As the demolition continued at the site of the Shakespeare Theatre in Stratford, fire investigators are asking for patience as they try to figure out what sparked the large inferno that destroyed the historic and cultural landmark this weekend.
People are still stunned and there is a real sense of loss in the town, even though the theater had not been active for many years.
“It’s still a part of Stratford you know, it’s just part of the town,” said Diana Woodward, who recalled seeing a show at the theatre when she was growing up. “It really is sad because it’s such an institution. I mean it was on the national news last night so I know my friends in Texas heard about it.”
On Monday, Woodward had to see for herself the destruction caused by the early Sunday morning fire.
“Maybe it could be from the ashes rebirth,” she said.
Opened in 1955 and mostly vacant since the 1980s, the Town of Stratford acquired the Shakespeare Theatre from the state in 2005.
“The deed restrictions if you will would limit it to not only open space, but also recreation and entertainment purposes,” said State Sen.Kevin Kelly (R-Stratford) during a Monday afternoon news conference at town hall.
Mayor Laura Hoydick said the town never executed an agreement with a developer or operator to breathe new life into the theater where the likes of Katharine Hepburn, James Earl Jones and Christopher Walken once performed.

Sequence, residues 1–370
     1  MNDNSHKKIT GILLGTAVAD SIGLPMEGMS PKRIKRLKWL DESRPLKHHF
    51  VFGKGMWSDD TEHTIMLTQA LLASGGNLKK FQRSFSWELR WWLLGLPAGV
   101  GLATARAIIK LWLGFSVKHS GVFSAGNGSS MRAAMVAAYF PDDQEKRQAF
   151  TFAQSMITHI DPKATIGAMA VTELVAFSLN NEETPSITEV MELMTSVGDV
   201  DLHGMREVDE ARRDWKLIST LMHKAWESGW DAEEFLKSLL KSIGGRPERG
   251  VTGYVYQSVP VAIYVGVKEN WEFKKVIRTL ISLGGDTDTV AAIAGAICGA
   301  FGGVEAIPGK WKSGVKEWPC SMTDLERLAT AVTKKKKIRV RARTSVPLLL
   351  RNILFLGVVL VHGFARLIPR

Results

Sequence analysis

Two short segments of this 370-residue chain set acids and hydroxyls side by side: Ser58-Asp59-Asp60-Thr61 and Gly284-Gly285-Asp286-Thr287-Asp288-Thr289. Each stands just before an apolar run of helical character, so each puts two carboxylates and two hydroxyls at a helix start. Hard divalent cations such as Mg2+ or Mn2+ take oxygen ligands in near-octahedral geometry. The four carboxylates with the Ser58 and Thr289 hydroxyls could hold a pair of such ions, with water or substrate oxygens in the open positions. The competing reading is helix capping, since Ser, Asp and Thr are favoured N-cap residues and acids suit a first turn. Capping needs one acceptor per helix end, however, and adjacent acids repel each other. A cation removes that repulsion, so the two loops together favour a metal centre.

“Our lack of a cohesive vision, let me say it that way was the roadblock,” Mayor Hoydick said. “There were many who were impassioned about what should happen there and there were many that had individual efforts.”
The mayor said the town council, with input from the community, will eventually decide what happens to the property.
But first, fire investigators led by the Stratford Fire Marshal are trying to figure out the cause of the fire.
“There’s a systematic way of us investigating the fire, so we start eliminating sections,” Fire Marshal Brian Lampart said.
Investigators are not ruling anything out, including arson, but so far they have not found any evidence of fire accelerants, Lampart said. They also want to find out whether the sprinkler system was working.
“The building is almost 100 percent covered with sprinkler protection and that is definitely something we’re going to be looking at,” said Lampart, who was unaware when the sprinkler system was last inspected.
Deb Persson from Milford told NBC Connecticut she hopes the place will remain a space for the performing arts.
“I think it would be awesome if they would put a park in and maybe put in an outdoor theater for the kids to do their plays in the summer,” she said, “and put some gardens in. And I think they could do a lot with it, I hope that’s what they do.”
Given the size of the fire, it could take some time before investigators determine the cause. The strongest flames were in the area of the stage when firefighters arrived minutes after the first 911 call, Lampart said.
State resources, including a state police K9, have been requested to help with the fire investigation.
It is worth noting William Shakespeare’s original Globe Theatre in London was also destroyed by fire.